The home, dubbed the Edelweiss House, is a demonstration home and thus has more features than an average home would need. For example, it boasts three heating systems with the primary heating source coming from the sun. “The majority of the heating requirement is met by the windows,” Reynolds said. “Our primary heat source would be passive solar gain.”
In addition, a 10-zone hydronic radiant floor distribution system was paired with an electric boiler to eliminate cold floors (even with a R-32 worth of mineral wool under the slab). Finally, a ductless air-to-air heat pump should work when solar doesn’t provide enough heat. “The radiant system will guarantee that the slab will never get icy,” Reynolds said. And with the harsh Canadian winters, the radiant heat will be much appreciated by homeowners who will feel ultimate thermal comfort and superior air quality with Uponor’s radiant system.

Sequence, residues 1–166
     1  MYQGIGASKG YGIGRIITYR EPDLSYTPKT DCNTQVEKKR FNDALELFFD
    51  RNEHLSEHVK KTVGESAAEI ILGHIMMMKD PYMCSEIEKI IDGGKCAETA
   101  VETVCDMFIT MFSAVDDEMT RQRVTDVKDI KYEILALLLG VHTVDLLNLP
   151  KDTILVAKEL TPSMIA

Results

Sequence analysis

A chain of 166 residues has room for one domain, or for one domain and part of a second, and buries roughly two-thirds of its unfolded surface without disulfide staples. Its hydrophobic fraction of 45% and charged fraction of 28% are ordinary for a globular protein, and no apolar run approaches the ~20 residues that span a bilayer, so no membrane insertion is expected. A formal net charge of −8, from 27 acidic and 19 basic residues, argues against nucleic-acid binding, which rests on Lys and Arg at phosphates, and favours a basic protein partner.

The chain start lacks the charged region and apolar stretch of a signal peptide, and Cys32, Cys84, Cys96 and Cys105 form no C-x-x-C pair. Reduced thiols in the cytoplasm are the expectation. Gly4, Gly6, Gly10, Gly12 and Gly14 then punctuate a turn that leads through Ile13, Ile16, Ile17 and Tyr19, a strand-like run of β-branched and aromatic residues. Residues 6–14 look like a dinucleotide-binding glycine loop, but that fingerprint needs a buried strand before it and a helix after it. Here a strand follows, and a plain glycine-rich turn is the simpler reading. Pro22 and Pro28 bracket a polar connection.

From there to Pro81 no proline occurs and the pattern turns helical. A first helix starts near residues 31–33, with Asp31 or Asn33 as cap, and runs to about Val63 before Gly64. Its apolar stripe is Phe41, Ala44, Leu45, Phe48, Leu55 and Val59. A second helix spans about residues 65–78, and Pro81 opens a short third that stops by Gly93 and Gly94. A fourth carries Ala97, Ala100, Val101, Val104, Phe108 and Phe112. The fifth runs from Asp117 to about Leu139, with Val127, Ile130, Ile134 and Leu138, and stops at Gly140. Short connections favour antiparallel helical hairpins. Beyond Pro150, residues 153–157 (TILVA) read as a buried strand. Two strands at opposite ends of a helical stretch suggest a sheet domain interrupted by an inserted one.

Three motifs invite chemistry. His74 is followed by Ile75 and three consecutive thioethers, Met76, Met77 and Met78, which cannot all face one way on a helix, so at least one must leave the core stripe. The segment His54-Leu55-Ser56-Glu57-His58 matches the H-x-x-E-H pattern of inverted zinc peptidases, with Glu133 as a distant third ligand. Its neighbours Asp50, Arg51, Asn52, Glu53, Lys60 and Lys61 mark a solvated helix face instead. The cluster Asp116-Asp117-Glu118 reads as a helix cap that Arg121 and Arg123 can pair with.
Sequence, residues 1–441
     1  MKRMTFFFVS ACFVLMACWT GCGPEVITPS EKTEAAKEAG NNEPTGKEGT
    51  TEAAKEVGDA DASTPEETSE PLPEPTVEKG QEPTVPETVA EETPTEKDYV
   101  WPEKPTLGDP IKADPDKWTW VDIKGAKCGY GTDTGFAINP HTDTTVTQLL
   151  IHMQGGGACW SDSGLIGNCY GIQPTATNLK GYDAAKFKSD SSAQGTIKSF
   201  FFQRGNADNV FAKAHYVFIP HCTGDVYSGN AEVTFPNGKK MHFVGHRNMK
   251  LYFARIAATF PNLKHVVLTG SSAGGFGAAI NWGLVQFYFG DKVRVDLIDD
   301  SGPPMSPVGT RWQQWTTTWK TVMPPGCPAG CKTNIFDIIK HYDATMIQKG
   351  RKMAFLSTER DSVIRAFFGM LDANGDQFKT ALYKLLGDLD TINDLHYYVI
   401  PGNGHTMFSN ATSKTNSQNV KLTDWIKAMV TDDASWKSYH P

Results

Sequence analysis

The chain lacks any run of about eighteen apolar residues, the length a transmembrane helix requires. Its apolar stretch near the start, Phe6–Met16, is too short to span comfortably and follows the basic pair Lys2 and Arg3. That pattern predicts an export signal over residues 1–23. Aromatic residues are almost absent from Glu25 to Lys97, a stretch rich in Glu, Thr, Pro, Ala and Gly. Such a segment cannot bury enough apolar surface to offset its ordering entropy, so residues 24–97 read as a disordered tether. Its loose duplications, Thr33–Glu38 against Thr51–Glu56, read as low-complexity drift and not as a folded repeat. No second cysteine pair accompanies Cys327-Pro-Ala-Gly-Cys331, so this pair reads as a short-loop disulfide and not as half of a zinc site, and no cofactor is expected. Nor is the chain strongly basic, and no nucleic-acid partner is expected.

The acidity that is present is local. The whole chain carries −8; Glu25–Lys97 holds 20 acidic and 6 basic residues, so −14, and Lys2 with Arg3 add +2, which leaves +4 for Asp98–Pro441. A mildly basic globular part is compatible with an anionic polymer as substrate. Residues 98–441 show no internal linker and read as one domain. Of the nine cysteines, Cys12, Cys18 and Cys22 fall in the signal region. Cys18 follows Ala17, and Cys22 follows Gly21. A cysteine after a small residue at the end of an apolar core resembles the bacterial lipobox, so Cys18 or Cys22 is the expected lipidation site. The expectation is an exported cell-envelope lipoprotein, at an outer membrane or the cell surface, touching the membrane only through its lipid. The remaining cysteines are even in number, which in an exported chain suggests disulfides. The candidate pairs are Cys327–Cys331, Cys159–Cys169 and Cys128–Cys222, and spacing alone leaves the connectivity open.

With a goal to use the home as a teaching tool, the Edelweiss House includes finishes, materials and fixtures with low environmental impact including low-flow plumbing fixtures, mineral wool insulation (including that used under the slab), a vegetative roof and interior paints and floor adhesives with zero volatile organic compounds.
“The biggest message we are after is not to look at the building-code base requirement as a target to achieve and then just resign yourself to spending tons of money every month to pump heat into your house, “Reynolds said. “People think the payback is going to be 25 years, and it’s not. The payback starts when your neighbor turns on the heat and you don’t.”